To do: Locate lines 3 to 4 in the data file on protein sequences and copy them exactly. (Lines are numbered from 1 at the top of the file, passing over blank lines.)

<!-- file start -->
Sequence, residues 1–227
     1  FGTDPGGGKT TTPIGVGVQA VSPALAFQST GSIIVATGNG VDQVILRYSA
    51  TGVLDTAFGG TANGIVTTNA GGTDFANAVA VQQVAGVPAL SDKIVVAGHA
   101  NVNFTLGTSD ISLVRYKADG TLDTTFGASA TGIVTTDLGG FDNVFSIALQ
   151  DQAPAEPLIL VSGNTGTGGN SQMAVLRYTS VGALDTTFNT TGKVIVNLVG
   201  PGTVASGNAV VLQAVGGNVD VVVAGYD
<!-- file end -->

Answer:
    51  TGVLDTAFGG TANGIVTTNA GGTDFANAVA VQQVAGVPAL SDKIVVAGHA
   101  NVNFTLGTSD ISLVRYKADG TLDTTFGASA TGIVTTDLGG FDNVFSIALQ